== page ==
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In Antwerp, Zaha Hadid Architects’ Port House is a crystalline expansion in provocative dialog with the past.

When Zaha Hadid died unexpectedly in March of this year, there were 36 projects still in development at her office. And while Patrik Schumacher, who now leads Zaha Hadid Architects, has ambitious plans for the studio’s future, it is hard not to look at these remaining works as a conclusion of sorts.

One such project – Port House, which opened in September in Antwerp – embodies both the highs and lows of Hadid’s distinctive approach. Located on a dry dock with views south to the city and north to the expansive port, the building is at the centre of a wider investment plan to improve the port’s global profile and its integration with the city. Prompted by the need to accommodate staff with more office space, the city and port authority called upon ZHA to do what it does best: create a dazzling icon – in this case, one that could solve the capacity issues while acting as a symbolic gateway to the new and improved port.

And dazzle it does. Port House boldly presents itself as a glistening crystal mass of tessellated triangular glass panels precariously perched above a listed fire station from 1922, meeting a stipulation to maintain and integrate the station into the structure. As an object, ZHA’s structure is impressive and beguiling. On the south side, the glass forms a smooth surface that catches refracted light from the water below. Toward the other end, the panels swivel in and out, creating a crumpling effect that renders the mass jagged and crystalline.

Late in her career, Hadid was able to build an impressive portfolio of designed objects. These works were often experiments in pure form: swooping sofas, oozing tableware, shoes that contorted the foot in seemingly impossible ways. Walk into her design gallery in Clerkenwell and you can see these objects neatly arranged on plinths that allow visitors to view their sculptural forms from all angles.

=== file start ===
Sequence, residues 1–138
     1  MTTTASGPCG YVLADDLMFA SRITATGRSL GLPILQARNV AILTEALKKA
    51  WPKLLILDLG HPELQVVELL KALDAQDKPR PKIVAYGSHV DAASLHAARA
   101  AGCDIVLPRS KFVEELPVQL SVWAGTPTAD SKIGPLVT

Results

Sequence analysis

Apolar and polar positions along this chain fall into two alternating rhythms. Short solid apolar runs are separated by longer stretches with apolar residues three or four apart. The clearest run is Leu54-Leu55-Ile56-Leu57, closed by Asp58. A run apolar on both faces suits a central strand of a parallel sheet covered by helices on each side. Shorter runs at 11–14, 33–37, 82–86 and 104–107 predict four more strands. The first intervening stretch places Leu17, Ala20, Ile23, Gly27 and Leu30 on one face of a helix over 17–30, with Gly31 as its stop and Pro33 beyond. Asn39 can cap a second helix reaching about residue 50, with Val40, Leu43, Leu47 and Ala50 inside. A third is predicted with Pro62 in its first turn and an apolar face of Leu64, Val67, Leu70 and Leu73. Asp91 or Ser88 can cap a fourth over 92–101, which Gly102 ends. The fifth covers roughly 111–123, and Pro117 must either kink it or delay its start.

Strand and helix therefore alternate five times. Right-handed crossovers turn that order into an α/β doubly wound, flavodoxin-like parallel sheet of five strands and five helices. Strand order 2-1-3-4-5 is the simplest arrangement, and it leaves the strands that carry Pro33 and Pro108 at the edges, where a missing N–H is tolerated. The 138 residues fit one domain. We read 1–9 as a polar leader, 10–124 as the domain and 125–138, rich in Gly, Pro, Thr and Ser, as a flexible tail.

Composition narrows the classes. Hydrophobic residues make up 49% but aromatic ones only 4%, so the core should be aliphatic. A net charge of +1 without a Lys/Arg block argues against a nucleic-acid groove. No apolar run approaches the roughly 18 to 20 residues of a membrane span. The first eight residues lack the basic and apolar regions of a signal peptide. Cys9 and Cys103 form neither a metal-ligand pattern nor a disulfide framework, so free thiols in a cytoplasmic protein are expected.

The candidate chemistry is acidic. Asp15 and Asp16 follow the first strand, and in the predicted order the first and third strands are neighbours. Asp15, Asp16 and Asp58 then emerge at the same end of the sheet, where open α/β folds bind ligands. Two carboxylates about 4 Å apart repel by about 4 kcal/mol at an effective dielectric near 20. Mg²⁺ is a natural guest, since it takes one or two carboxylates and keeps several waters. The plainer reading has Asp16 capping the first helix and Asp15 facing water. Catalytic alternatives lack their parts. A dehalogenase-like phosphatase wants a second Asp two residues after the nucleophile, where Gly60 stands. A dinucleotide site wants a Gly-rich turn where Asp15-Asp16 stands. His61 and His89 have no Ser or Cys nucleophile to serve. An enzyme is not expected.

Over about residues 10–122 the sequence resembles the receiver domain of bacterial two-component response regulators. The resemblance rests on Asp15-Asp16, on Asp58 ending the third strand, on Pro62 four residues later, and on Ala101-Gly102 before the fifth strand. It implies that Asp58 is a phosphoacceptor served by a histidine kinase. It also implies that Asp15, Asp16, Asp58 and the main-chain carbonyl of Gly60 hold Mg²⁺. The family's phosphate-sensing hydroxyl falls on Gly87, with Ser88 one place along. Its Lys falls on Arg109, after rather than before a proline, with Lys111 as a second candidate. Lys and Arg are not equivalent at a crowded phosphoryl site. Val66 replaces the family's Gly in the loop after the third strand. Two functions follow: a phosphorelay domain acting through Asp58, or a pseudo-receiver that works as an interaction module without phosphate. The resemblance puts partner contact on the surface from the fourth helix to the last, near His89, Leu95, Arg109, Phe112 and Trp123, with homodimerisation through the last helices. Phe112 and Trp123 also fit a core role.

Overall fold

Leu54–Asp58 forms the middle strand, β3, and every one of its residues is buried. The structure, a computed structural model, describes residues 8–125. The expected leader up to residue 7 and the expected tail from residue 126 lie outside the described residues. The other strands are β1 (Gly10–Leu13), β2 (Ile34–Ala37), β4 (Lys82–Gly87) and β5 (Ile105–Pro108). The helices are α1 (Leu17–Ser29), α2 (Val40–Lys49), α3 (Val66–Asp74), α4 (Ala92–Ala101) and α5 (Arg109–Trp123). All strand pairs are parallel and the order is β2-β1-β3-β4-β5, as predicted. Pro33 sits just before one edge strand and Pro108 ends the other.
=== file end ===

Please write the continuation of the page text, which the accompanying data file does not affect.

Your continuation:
Buildings rarely have the luxury of plinths, though; nestled into urban environments, their sides – and clear views of them – are often obstructed by other buildings. Curiously, Hadid often accepted commissions that avoid this dilemma, including large stadiums and cultural centres set back on expansive plots – the architectural versions of sculptures in a park.

With Port House, the solution to keeping Hadid’s design object visible from all angles was to throw it up into the air. The structure is propped up in front on a massive, angular concrete support – which also houses an elevator shaft and viewing platform – and on two more supports that pierce the inner courtyard. Rather than enter into a dialogue with the pre-existing fire station, though, the new structure dominates the old. One reviewer has likened it to a stiletto (perhaps one of Hadid’s own design) poised to stamp out the heritage structure completely. The once stately fire station has been reduced to a plinth, holding Hadid’s legacy aloft – one beautiful building at the expense of another.

While the juxtaposition generates plenty of drama, there are sure to be some who see disdain for history – but then, Hadid was never shy of controversy. Hers was a vision set more on making history than revering it.

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